With both girlfriends having a Masters in Education and eager to learn about brain development...It is highly likely that I will read any link or article of any new research on the brain, how it functions and develops.
The tweet this morning from Guy Kawasaki was particularly interesting and indeed helpful as an online marketer as well as a soon-to-be mommy.
The study 'The neurological basis on intuition' "suggests that visual information can be encoded accurately even when one is not paying attention to it - something which has been demonstrated before - and also leads to the counterintuitive conclusion that retrieval of a memory is actually enhanced one's attention is diverted during encoding of that memory."
The connection to online marketing:
One may think that the act of navigation and decision making is based on the users 'intuition'. This is because a person may have never visited the site before, but are able to navigate and find things on the site easily. However, this study suggests that it may be based on being in that situation prior and knowing what to do - even if they have never been there or thought to have been there before.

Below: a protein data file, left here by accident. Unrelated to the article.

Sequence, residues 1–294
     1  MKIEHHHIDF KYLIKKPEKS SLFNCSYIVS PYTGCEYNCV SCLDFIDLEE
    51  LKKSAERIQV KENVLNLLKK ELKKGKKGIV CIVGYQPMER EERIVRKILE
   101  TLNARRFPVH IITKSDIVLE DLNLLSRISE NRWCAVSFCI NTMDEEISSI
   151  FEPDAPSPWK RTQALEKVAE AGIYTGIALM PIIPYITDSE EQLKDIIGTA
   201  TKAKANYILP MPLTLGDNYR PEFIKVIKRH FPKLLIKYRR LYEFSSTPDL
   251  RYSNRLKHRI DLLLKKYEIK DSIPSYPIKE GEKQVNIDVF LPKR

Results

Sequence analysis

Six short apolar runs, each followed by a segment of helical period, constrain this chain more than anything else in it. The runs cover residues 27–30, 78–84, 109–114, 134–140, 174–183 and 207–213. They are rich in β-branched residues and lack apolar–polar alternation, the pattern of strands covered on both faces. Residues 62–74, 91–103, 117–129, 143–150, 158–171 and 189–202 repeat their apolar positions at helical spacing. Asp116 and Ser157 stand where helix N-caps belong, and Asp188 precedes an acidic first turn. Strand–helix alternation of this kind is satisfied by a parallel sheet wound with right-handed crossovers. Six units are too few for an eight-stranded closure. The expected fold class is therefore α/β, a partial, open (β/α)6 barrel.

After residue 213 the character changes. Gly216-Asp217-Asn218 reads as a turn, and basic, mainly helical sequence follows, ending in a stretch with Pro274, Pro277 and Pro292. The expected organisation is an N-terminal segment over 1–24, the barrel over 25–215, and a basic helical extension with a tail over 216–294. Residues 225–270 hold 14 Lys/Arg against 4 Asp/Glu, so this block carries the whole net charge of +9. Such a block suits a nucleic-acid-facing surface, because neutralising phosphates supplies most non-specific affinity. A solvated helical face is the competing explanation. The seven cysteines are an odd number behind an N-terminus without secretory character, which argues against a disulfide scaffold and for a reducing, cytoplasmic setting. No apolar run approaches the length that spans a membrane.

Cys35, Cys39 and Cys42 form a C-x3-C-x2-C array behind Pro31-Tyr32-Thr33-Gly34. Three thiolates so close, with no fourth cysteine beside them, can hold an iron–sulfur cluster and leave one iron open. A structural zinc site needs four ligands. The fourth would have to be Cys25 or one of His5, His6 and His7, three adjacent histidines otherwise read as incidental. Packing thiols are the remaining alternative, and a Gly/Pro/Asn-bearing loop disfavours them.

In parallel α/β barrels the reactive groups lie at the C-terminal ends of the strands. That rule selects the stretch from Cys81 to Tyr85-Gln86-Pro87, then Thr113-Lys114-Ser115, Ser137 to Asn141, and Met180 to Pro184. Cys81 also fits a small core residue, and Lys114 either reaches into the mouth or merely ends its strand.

This is directly linked to web usability and the importance of it. If you are building a website or a simple campaign page - as much as you want to be off the wall, if you want your user to accomplish a particular task (which in marketing terms, is equal to CTA's and $), it is best to stick with navigation, wording and design that is consistent, orderly and logical. Allow the user to use their 'intuition' on where to go, although this can be based on past sites, your main site and best practices.
Building a site using a style or concept that is not familiar with what the user may have experienced in the past may negatively affect the user's experience. Alternatively, even if you show the person how to use the new style or concept, it may still prove difficult to learn due to lack of familiarily and what we deem as 'intuition.'
NOTE: I am so not educated in this field but read such articles and studies and try to adapt it to my personal and work life.